Trees

Oasis at the Desert Edge: Flora of Cañón del Nacapule, Sonora, Mexico

Cañón del Nacapule cuts into the southeastern flank of the Sierra El Aguaje, a rugged volcanic range about 20 kilometers northwest of Guaymas. Nacapule is included in the Sonoran segment of the Gulf Coast subdivision of the Sonoran Desert. The bi-seasonal (summer and winter) rainfall is highly variable. Many plants of tropical origin reach their northern limits in this region or do not extend farther north in the arid coastal desert of western Sonora.

Forest Fire Histories of La Frontera: Fire-Scar Reconstructions of Fire Regimes in the United States/Mexico Borderlands

Fire is a dominant ecological process in almost all landscapes of La Frontera. Fire histories from throughout the region on the United States side of the border show that, before circa 1900, extensive surface fires occurred within pine-dominant forests at about the same frequency as wet-dry cycles related to the El Niño-Southern Oscillation, i.e., 2 to 7 year intervals (Swetnam and Betancourt 1990, 1998; Swetnam and Baisan 1996a, 1996b). Regionally synchronous fire events occurred at the rate of about 10 per century and often coincided with the most extreme wet-dry cycles.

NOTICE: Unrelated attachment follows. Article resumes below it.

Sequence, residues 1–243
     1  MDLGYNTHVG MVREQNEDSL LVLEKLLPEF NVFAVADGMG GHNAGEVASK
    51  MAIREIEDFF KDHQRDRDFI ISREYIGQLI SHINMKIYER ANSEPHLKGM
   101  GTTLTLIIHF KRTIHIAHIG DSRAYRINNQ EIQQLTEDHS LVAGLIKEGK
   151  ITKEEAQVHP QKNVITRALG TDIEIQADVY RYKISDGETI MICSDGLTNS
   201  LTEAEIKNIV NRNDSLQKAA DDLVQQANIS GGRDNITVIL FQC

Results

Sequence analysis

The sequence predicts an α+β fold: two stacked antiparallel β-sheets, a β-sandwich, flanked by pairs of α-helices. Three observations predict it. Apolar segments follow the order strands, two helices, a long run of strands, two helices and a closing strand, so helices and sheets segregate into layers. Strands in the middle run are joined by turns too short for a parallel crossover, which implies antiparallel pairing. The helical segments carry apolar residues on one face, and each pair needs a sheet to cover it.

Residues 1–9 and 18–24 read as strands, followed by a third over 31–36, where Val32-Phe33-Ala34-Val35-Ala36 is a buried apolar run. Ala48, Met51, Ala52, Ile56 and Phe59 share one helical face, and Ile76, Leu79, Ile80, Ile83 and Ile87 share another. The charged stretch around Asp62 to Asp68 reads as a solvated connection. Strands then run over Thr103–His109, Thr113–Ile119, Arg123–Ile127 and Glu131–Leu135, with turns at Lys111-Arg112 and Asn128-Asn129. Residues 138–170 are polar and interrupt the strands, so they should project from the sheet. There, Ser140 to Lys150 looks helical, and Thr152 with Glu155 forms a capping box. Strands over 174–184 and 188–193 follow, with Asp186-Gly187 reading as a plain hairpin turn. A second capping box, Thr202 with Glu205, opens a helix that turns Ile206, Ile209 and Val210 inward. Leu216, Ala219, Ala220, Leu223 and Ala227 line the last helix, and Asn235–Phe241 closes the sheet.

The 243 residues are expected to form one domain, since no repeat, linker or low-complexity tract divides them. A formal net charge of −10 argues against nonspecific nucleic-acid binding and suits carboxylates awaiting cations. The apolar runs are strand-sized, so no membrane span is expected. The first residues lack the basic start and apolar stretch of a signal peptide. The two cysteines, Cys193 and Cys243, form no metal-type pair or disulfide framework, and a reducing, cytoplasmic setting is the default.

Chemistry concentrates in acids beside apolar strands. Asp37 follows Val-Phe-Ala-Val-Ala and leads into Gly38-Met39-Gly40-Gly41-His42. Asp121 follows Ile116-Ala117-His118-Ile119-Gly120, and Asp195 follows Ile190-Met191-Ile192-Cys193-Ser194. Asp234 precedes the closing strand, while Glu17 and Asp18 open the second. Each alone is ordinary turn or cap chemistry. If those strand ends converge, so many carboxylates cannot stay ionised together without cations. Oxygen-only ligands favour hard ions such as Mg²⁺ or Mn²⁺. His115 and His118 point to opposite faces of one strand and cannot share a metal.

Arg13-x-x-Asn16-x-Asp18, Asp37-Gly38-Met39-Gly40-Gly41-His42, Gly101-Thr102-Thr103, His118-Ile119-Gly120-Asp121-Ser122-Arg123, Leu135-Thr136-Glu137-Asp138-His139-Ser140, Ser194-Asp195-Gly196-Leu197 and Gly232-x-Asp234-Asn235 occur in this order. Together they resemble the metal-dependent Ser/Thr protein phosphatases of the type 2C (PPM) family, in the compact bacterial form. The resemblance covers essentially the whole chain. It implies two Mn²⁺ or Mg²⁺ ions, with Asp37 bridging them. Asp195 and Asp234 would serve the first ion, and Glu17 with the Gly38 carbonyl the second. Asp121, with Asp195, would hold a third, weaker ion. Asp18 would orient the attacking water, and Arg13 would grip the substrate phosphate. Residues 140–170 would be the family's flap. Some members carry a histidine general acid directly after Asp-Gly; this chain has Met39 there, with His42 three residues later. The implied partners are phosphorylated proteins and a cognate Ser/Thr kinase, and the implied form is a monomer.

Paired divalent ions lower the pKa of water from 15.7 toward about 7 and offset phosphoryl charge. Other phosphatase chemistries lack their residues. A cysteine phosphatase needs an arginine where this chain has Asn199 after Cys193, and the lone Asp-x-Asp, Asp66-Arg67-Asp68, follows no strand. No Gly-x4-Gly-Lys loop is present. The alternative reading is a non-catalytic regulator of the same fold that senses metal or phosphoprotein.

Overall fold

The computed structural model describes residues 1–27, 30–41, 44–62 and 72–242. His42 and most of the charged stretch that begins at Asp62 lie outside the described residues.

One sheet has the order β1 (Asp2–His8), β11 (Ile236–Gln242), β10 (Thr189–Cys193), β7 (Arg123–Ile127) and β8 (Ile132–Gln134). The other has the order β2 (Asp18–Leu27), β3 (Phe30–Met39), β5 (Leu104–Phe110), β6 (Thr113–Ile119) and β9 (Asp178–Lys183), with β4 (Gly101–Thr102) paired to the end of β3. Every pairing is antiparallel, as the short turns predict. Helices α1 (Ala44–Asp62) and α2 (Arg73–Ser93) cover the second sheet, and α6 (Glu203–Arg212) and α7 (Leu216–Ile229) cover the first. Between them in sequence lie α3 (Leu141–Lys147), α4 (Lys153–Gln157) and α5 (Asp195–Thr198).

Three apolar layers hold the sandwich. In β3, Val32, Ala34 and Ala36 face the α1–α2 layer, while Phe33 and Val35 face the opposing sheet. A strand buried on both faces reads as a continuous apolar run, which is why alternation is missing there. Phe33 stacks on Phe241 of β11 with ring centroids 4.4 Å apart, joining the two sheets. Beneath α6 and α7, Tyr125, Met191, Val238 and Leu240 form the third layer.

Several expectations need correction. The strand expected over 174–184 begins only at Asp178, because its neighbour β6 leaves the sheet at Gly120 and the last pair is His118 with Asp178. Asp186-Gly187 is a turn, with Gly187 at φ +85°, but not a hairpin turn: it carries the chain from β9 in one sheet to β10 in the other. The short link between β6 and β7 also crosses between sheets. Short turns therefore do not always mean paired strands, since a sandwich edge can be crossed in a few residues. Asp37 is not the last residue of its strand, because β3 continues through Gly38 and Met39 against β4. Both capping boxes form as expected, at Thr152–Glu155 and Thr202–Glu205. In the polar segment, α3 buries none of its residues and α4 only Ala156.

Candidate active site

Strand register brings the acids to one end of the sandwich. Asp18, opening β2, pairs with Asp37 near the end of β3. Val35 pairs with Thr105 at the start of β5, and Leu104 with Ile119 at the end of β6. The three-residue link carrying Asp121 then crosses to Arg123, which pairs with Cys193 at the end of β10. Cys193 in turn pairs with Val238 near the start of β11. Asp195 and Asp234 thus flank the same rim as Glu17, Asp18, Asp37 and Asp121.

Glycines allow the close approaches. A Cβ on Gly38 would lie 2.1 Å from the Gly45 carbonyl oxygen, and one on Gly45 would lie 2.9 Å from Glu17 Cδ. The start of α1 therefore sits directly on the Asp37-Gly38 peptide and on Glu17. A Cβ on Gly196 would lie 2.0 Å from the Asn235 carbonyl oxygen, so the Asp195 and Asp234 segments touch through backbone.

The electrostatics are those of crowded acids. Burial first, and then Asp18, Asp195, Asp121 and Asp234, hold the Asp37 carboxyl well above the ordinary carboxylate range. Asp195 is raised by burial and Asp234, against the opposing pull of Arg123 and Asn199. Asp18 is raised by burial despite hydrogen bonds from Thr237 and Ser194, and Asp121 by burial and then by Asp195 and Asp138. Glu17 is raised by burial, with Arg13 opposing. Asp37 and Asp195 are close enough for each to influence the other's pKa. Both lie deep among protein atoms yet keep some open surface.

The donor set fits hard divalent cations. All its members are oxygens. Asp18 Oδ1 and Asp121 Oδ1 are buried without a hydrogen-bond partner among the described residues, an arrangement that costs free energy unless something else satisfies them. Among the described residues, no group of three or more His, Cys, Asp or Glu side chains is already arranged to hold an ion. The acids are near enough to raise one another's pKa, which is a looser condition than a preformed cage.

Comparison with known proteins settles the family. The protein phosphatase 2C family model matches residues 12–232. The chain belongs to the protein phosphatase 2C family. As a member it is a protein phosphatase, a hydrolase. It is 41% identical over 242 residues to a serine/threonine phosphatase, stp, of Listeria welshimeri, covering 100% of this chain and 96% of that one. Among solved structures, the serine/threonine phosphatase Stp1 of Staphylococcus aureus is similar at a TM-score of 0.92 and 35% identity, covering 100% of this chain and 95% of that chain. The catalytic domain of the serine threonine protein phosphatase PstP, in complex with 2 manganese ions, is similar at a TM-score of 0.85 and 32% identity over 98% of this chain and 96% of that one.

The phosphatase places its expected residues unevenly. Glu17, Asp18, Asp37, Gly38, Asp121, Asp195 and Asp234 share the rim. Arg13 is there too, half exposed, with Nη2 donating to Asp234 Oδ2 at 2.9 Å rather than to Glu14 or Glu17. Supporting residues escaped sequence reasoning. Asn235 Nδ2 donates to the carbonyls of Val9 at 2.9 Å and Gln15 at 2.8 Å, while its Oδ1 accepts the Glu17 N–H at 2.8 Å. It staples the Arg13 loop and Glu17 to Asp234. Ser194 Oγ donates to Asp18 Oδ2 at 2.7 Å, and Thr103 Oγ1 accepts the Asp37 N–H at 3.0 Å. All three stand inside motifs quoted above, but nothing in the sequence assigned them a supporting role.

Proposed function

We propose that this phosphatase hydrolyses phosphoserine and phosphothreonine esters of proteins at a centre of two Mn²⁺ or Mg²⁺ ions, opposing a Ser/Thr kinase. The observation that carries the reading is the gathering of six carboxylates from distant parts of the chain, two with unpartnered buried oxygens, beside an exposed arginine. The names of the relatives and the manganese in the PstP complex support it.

Northern Distributional Limits Of The Mexican Willow Oak (Quercus Viminea) In Arizona, Sonora, And Chihuahua

Observations of the Sierra Madrean oak Quercus viminea in ten Sky Island mountain ranges 15 to 85 km south of the Arizona and New Mexico border in Sonora and Chihuahua help define the northern and western limits of its distribution. We also discovered it in the Patagonia Mountains of southern Arizona as far north as 15.3 km from Sonora. It is sympatric with the closely related Q. emoryi, with which it introgresses.

The Vegetation of a Desert Mountain Range as Conditioned By Climatic Factors

The southern half of the state of Arizona. may be briefly characterized as a relatively level plain studded with numerous hills and mountains. The plain rises from elevations of a few hundred feet along the Colorado River to as much as 4,500 and 5,000 feet near the New Mexican boundary. The lower elevations follow the Gila, Salt, San Pedro, and other rivers, while the higher plains surround the loftier mountains of the southeastern portion of the State.

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